Federal-Licensed Researcher Sues Government Over "Sub-Par" Research Cannabis
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Cannabis companies may burn the midnight oil developing better strains of weed for consumers, but the federal government still forces researchers to use marijuana that is far below the standards of cannabis sold in dispensaries.
Very, very far below. Scientists have argued that the weed is so bad it calls to question whether they can reach scientifically valid conclusions using it for studies – especially since the research weed is genetically closer to hemp than cannabis.
A scientist in Arizona has decided to force the issue by suing the federal Drug Enforcement Agency to change current rules and allow scientists to use cannabis from other sources than the federal government, calling that cannabis “sub-par.”
One source for research cannabis.
Incredibly, there remains just one place scientists can get marijuana for research. It’s from a farm run by the University of Mississippi. The university has held the federal contract to grow weed for research for 50 years.
Researchers call this marijuana “genetically divergent” from the kind of cannabis you can buy at the dispensary, according to a University of Northern Colorado study released earlier this year. They questioned how such low-grade weed can be used for accurate science.
And it’s not as if researchers can just turn to another source. With marijuana illegal at the federal level, federally licensed researchers can only use the Ole Miss weed.
Susan Sisley, who runs the Scottsdale Research Institute and has a federal license to conduct marijuana research, has a problem with that. She wants the courts to force a change.
Moldy weed with sticks and seeds.
Sisley recently completed a study on the effects of marijuana on those suffering from PTSD. She was so unhappy with the quality of the marijuana provided for her research that she filed her lawsuit at the conclusion of the research (the study is not yet published).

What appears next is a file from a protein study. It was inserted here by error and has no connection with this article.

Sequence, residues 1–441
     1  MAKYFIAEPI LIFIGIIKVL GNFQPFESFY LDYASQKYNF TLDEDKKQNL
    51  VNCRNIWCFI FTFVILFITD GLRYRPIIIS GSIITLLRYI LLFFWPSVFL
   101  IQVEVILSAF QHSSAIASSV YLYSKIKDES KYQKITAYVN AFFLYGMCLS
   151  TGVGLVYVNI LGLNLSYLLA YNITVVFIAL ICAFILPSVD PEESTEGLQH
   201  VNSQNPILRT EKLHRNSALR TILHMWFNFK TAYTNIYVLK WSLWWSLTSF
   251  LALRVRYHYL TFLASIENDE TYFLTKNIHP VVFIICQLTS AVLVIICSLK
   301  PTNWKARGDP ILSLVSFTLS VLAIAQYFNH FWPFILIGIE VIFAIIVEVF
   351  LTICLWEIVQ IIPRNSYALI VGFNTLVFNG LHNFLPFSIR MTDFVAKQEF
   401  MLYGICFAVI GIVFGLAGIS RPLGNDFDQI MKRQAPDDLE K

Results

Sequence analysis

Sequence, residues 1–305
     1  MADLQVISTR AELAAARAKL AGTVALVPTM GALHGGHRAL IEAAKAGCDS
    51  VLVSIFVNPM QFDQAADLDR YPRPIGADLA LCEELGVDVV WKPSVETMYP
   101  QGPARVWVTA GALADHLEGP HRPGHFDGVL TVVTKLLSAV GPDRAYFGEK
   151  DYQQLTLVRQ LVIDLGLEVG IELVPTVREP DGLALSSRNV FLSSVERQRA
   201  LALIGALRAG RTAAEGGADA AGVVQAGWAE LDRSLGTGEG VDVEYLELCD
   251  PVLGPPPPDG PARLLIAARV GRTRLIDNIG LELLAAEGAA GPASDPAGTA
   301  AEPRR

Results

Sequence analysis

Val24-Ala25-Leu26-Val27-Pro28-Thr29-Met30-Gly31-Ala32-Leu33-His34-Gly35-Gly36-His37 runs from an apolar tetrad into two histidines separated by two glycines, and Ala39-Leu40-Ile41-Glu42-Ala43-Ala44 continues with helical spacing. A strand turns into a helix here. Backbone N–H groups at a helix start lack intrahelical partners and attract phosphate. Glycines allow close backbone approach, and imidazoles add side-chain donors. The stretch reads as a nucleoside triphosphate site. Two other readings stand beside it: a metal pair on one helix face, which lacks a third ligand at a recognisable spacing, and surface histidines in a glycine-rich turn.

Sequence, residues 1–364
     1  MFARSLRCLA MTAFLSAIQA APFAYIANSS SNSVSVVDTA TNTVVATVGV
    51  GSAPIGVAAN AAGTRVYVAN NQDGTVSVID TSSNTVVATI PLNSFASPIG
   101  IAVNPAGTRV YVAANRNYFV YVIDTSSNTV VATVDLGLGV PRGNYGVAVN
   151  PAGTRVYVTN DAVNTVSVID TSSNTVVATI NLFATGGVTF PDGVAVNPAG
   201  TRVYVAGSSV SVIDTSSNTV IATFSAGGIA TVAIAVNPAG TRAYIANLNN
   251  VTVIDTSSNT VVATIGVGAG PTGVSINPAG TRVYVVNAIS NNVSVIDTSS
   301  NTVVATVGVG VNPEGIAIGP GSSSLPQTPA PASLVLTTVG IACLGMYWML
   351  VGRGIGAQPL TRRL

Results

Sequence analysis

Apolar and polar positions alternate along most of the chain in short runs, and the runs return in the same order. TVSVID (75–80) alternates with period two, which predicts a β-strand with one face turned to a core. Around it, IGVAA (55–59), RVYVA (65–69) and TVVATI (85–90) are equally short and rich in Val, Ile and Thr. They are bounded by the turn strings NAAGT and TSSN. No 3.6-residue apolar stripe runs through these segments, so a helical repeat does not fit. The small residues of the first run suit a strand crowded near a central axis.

She wants the federal government to allow researchers to use weed from sources other than that provided by the government.
Sisley told the Arizona Capitol Times there are many problems with the Ole Miss marijuana
Sisley claims the weed was moldy, contained sticks and seeds and is not being properly tested before sent to researchers. She also said the school grinds up the cannabis.
“They are providing this standardized green powder that is just cannabis ground up,” she said, adding that this is done as part of an “overzealous effort to standardize the study drug batches for clinical trials.” Eisley said the full marijuana flower would be optimal.
What’s going on at the DEA?
DEA officials invited other manufacturers to apply to grow marijuana for research several years ago, according to Sisley, who applied herself. But while they have accepted applications, no other manufacturer has been approved by the DEA. Publicly, DEA officials have said they are still reviewing the applications.
Sisley also told the Capitol Times that she named the United States Attorney General’s office in the lawsuit because “my gut tells me that the DEA is not responsible for impeding this."
A federal judge also recently ordered the DEA to reconsider marijuana’s classification as a Schedule I illegal drug, which puts it on par with heroin and cocaine. So far, no action on the issue has been announced publicly.